#3 How to minimize econogenic outcomes
#4 Trust in economics as a science?

REPLY to Barkley Rosser on Jan 11

You say: “Example: relation between wages and employment. Sure, sometimes higher wages are associared wirh higher employment, but sometimes not. Very complicated, with you not remotely getting any of that, just repeating your same old nonsense.”

After 200+ years of research, this is what the representative economist has to say about one of the most fundamental relations of his subject matter. And he does not even realize that this absolutely vacuous statement is the open declaration of scientific bankruptcy.#1

As Feynman made clear: “By having a vague theory it is possible to get either result. ... It is usually said when this is pointed out, ‘When you are dealing with psychological matters things can’t be defined so precisely’. Yes, but then you cannot claim to know anything about it.”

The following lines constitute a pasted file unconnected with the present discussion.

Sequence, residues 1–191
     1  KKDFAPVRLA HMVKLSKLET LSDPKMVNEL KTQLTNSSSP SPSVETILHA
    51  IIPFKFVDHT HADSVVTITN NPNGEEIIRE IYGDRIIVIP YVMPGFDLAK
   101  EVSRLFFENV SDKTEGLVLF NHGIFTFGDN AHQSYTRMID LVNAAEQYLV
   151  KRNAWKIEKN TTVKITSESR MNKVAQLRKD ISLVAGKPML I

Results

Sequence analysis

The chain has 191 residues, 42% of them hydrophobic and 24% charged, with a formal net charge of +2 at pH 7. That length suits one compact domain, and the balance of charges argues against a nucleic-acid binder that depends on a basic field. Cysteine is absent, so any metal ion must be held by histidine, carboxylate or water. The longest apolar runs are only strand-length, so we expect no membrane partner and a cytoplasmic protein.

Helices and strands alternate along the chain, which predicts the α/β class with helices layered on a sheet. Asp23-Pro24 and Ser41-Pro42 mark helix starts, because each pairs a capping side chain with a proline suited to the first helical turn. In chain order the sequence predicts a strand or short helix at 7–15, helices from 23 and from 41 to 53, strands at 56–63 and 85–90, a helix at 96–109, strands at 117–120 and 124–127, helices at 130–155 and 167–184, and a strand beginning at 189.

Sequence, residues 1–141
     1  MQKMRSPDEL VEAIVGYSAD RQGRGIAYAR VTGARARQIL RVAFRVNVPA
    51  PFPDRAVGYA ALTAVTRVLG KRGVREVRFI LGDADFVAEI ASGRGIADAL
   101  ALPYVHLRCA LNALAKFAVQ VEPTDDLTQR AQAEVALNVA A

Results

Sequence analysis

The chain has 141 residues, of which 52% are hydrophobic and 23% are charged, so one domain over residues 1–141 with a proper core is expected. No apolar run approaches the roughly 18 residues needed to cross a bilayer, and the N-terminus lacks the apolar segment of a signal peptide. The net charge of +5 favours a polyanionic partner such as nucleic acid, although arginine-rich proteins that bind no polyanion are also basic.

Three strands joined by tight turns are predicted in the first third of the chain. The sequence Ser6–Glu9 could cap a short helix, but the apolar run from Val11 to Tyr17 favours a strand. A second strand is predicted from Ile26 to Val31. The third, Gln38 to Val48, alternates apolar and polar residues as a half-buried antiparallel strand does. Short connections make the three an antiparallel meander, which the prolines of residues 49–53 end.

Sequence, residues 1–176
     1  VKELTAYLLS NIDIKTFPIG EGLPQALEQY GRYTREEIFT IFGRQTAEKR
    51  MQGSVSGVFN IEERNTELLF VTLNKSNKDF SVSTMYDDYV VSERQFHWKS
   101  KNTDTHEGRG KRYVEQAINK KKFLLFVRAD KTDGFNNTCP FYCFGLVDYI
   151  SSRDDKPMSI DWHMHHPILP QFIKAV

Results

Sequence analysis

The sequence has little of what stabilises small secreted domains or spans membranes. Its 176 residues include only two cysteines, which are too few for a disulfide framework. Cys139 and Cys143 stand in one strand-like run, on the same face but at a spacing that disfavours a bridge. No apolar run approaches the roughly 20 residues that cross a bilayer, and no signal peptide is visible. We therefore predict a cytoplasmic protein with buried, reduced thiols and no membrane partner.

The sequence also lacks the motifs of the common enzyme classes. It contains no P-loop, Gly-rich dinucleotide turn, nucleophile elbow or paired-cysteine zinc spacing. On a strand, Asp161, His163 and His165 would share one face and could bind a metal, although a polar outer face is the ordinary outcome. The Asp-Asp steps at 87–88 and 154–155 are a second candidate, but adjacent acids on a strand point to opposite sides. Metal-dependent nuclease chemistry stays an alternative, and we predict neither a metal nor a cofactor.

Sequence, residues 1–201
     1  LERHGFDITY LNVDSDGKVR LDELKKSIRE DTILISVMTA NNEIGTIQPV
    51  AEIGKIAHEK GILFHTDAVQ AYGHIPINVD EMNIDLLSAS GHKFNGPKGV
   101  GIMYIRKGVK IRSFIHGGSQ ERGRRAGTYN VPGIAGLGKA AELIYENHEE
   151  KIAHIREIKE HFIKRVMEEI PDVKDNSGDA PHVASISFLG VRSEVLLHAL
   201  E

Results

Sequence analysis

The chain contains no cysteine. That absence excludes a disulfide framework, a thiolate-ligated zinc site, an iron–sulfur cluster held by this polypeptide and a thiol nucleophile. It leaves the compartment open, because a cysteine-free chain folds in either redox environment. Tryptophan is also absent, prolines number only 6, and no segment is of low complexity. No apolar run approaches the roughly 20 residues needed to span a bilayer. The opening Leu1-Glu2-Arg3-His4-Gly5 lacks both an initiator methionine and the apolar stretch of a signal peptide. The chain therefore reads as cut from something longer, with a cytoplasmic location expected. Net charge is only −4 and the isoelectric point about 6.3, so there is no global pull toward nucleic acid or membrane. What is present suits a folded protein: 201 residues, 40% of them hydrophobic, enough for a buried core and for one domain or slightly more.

And that is the simple fact of the matter, economists do not know anything about how the economy works. It’s all wish-wash. From this, though, follows that economists are not qualified to give economic policy advice.

“In order to tell the politicians and practitioners something about causes and best means, the economist needs the true theory or else he has not much more to offer than educated common sense or his personal opinion.” (Stigum)

Economists do not have a true theory. Their good luck is that in the political realm, scientific qualities are not in great demand but propaganda and entertainment qualities are.

So, at an early stage in the development of their discipline, economists threw scientific principles out of the window and started think-tanking for some businessman/billionaire or some three-letter government agency. The Cowles Foundation for Research in Economics is one prominent example of this and it produced General Equilibrium Theory and many Nobel Laureates.